Something that my advisor and dissertation sponsor, Dr. Rachel Shelton, has urged me to consider in my work is how important it is to recognize that sustaining public health programs and policies is a dynamic process and outcome, and not just a static end goal. One thing that I hope my research adds to the current conversation, is to consider how we might extend the rhetoric around “achieving” health equity, to understanding what is needed to sustain health equity.
Who is a researcher you admire and why?
Can I start by recognizing some of my HPRS cohort mates? Joseph Griffin, Arrianna Planey, and Gerson Galdamez are high on my list of people I admire for how they think and talk about their research. I’m also so impressed by the work that Catherine Duarte, Hannah Cory, and Kellan Baker are doing that can shift current paradigms in their respective areas. And Rebekah Israel Cross has contributed to an amazing new book that just came out, and I can’t wait to dive in – Racism: Science & Tools for the Public Health Professional. I’m just really excited to continue learning from everyone in HPRS and to follow everybody’s careers!
In terms of more “established” researchers, Dr. Mary Bassett, Dr. Simona Kwon, and my advisor, Dr. Rachel Shelton, all immediately come to mind. Dr. Bassett was the health commissioner during my time with the New York City Department of Health and Mental Hygiene, and her leadership really resonated across the agency in symbolically and structurally profound ways. Dr. Kwon is a mentor I met through an amazing HPRS faculty member—Dr. John Chin (another researcher I admire)—and she has been so incredible in supporting my work and providing excellent feedback. And don’t even get me started on Dr. Shelton! She is both brilliant and kind, and I’m so grateful for her mentorship every single day. All three represent exactly the kind of rigorous, theory-driven, and community-engaged scientist that I strive to be.
How has being an HPRS Scholar helped you during your time as a doctoral candidate?
The training provided by HPRS has been crucial in helping me integrate my prior training and work experience with everything I have been learning in my doctoral program. Conversations with HPRS faculty, staff, and other scholars often help me advance my thinking in bold and exciting directions. Also, knowing that they believe in me helps me to believe in myself!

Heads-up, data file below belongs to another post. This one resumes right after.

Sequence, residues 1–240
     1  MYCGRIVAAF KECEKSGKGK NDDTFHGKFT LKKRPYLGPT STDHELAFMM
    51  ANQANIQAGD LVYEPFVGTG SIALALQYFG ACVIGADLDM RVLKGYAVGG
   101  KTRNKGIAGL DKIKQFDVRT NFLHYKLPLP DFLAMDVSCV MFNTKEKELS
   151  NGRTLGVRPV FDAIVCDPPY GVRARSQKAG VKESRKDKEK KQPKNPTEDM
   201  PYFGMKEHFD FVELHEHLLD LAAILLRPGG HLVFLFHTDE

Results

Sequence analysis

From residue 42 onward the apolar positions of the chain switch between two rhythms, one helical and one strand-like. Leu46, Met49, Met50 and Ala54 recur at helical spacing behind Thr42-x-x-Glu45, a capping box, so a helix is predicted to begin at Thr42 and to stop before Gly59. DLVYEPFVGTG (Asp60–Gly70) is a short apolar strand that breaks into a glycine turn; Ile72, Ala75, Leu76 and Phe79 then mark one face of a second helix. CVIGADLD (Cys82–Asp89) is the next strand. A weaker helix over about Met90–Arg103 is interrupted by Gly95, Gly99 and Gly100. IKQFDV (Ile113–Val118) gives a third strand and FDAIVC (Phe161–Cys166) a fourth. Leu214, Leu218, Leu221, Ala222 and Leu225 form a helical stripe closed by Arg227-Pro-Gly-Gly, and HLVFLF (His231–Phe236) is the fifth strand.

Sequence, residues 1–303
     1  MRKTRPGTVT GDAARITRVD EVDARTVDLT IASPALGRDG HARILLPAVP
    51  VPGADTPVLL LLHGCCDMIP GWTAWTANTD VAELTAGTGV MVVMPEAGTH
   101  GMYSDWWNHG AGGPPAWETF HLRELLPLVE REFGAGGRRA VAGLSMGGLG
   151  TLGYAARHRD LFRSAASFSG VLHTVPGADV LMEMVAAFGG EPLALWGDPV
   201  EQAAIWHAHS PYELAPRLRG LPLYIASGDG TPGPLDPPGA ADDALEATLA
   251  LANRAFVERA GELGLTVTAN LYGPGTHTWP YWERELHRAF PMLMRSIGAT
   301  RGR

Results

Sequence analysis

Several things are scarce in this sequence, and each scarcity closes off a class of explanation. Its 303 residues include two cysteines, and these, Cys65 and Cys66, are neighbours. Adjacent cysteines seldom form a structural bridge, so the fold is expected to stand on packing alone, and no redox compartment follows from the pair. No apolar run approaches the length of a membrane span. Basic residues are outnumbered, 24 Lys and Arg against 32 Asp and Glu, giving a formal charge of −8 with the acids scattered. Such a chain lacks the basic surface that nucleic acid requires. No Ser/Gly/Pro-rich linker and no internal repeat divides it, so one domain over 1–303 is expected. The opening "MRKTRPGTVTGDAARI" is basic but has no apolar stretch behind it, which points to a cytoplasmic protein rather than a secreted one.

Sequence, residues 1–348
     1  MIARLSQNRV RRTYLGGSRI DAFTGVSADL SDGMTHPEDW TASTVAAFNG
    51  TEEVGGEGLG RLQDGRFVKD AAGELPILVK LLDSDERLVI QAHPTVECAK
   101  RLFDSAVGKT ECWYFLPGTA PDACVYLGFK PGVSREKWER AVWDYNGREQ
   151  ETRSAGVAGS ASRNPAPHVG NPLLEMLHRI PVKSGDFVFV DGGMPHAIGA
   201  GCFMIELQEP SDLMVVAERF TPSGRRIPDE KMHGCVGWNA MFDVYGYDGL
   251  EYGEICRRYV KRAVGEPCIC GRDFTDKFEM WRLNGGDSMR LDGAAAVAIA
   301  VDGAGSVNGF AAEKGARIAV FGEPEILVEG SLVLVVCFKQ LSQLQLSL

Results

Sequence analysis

In the RWJF HPRS program, we have worked with you to help you think further about using your research to develop policy. If you could use your research to change any policy, what policy would it be?
I would use my sustainability research to examine how the Hyde Amendment, which creates undue burden and barriers for people seeking safe and legal abortion care, has been implemented and sustained over the last 43 years. I’m especially interested in understanding what it means for policy implementers at the ground level when a contentious policy is extended each year and frequently re-worded. Given consistent pressure and recent energy to repeal the Hyde Amendment, I’d be especially interested in conducting de-implementation research to understand what strategies would be effective to ensure the successful de-adoption of a long-standing harmful policy.
Ok, here’s a fun question to wrap things up. If you were stranded on a desert island, what three items would you want to have with you?
The first things to come to mind were a good bottle of olive oil, a sharp chef’s knife, and my French press, but I’m not really there for vacation, am I? I suppose I should be more practical and say my tent, my hatchet, and a robust first aid kit.
Thank you so much for your time!
Thank you so much for these thought-provoking questions!